Dealing with family this holiday season, keep in mind… CLEAR IS KIND.
Saying things like, "I think I'd maybe like, you know, if we had only one meal instead of three major events." Or, "Don't you think it would be better if you came for a couple of days instead of flying in at the last minute and jetting as soon as we're done?" are very indirect, passive ways to express how you're feeling. Your family may draw the conclusions you're hoping them to draw… or they may not.
Passive responses are confusing as well. Saying you'll be there at 10, but then showing up two hours late because you felt like sleeping in? Agreeing to bring mashed potatoes like your mom asked, but then bringing green bean casserole instead? Wandering in to watch TV while everyone else cleans up? Every one of those could be interpreted by your family as disrespect, selfishness, and entitlement.
Indirect communication, as gentle as it may feel, is also very unclear and leaves room for misunderstanding, assumption, and unnecessary offense. Avoidance of conflict may feel easier momentarily, but makes life miserable for everyone in the long run. Relatives are left wondering exactly what you're saying. Are you bossing them around? Making a suggestion that you don't really care about either way? Expressing hurt? Saying you don't like them? Who knows!?!
If you want communication in your family to improve, it starts with you. Be clear. Ask for what you want instead of hinting around it.
"Can we please make the gift exchange limit $50 instead of $100?"
"Could we make sure there is at least one or two dishes that don't include meat?"
"Would I be able to use a bedroom for an hour after the meal so I can get a quick re-charge nap?"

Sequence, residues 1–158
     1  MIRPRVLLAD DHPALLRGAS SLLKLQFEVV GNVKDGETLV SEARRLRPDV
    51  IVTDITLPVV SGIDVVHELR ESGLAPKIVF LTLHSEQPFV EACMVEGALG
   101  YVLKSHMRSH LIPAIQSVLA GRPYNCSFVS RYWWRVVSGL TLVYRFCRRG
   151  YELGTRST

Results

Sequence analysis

Asking clearly makes it possible to cooperate more effectively as a team. Your family will better know how to care for you if they want to, and you'll know what you need to do to care for yourself in the areas where they're unwilling or unable. Remember that everyone has a right to say no to each other's requests! Thankfully, as adults, no one owns us but ourselves, which means each person is responsible for themself.
And be honest in your discontent. Your family can't respond effectively to your hurt or unhappiness unless you let them know clearly. They can't make solid plans for themselves if you're misleading in your commitments. If you are passively throwing a fit like a baby to show them you're hurt, you are just continuing the hurtful cycle.
Sometimes we have to say no for our health. Those nos may be sad for our families, but they can be grieved. And being honest with those who love you encourages them to make adjustments in their own lives to take better care of themselves.
Even though direct communication can be hard, even painful in a moment, it leads to a path forward, where everyone is able to care for themselves the way they need to and cooperate more effectively as a team. Clear is kind.
Unsplash: Bud Heissen